It might initially seem like a bit of imperfection of dirt on your wall. As the days pass, you might notice that dark patch in the corner of your wall growing steadily. That’s when you might’ve figured out the culprit, mould. You’ve probably heard of it accumulating in leftover food for God knows how long, but it can also appear in other forms. Mould can creep through your ceilings, walls, and windows. You’re probably thinking about how to remove it from walls, ceilings, and windows. Luckily, it doesn’t involve a lot of purchases. You’ll mainly need bleach. It’ll help you kill the mould population growing in your walls.
Stick around to get more information on mould removal and prevention.
Where Does Mould Come from?
Before you get your hands dirty, you might want to know how mould found its way to your walls, ceilings, and windows. Mould is a kind of fungus that loves moisture-filled areas. It can thrive in many areas, including drywall, wallpaper, dust, carpets, and insulation. If it grows in your home, you might want to check how well-ventilated that region is. Humid weather and condensation can also be breeding grounds for mould.
In most cases, it takes an open window to keep it at bay. Otherwise, it can sometimes require professional cleaning if it grows within your walls. This could point to a leak or water damage in your walls, so you’ll want to act fast before it causes any structural damage.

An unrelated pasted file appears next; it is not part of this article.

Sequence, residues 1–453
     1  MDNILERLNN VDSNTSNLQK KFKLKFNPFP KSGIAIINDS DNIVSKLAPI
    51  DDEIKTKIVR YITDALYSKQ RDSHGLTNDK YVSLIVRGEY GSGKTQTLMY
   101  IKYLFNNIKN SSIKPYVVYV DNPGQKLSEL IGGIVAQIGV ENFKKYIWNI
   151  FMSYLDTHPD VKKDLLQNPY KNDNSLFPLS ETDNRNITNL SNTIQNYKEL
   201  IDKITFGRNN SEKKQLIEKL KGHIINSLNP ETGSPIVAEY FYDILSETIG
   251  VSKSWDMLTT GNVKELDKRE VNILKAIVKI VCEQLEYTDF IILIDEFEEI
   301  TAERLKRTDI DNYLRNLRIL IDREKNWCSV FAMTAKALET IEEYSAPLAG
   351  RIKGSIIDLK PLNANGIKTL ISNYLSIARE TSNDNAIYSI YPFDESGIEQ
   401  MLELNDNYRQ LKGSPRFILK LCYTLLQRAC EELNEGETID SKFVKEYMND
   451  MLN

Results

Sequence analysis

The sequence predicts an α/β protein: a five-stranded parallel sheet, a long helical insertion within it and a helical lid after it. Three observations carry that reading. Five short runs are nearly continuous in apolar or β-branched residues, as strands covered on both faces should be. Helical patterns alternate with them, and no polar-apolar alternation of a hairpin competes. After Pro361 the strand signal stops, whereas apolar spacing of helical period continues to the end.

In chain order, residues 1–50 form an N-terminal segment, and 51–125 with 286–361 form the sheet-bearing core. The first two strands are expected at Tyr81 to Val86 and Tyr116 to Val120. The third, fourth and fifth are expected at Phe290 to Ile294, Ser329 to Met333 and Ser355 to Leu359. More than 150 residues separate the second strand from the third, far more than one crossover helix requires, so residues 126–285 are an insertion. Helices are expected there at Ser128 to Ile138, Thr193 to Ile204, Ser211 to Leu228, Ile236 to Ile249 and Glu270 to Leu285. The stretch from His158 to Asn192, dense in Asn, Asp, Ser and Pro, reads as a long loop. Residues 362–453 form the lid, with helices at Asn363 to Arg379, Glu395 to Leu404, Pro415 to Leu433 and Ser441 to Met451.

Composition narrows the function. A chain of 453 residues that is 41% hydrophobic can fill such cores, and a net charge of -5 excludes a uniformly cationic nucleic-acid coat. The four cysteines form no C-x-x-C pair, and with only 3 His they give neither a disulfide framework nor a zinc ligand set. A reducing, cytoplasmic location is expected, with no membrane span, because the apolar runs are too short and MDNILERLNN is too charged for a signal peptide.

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How to Remove Mould from Walls and Ceilings
Getting rid of mould from the ceiling is not only necessary for your house’s hygiene but for your health as well. It can adversely affect your respiratory health, especially if you have a mould allergy. Nevertheless, you can also attempt to remove the mould with these steps. In this case, we believe consulting a professional would be smarter.
Step #1: Prepare Your Cleaning Solution and Working Area
First things first, you need to concoct the mould-killing solution. There are a few options you can choose from. While bleach is a standard solution, it might be too harsh on the walls and cause more damage. Instead, you can opt for a borax and vinegar solution. Mix two tablespoons of borax, a quarter cup of vinegar, and two cups of hot water. These ingredients won’t cause as much harm as bleach and will give off less toxic and headache-inducing fumes.
Now that you have your cleaning solution in a spray bottle, it’s time to prepare yourself with safety goggles, gloves, and a gas mask. Alternatively, you can use baking soda and 3% hydrogen peroxide; for a more natural solution, you can use tea tree oil. Then, depending on the mould-affected region, you can use a ladder to reach the ceiling or wall. Make sure to open a window since you’ll be working with chemicals.
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Step #2: Apply the Solution to Your Walls and Ceiling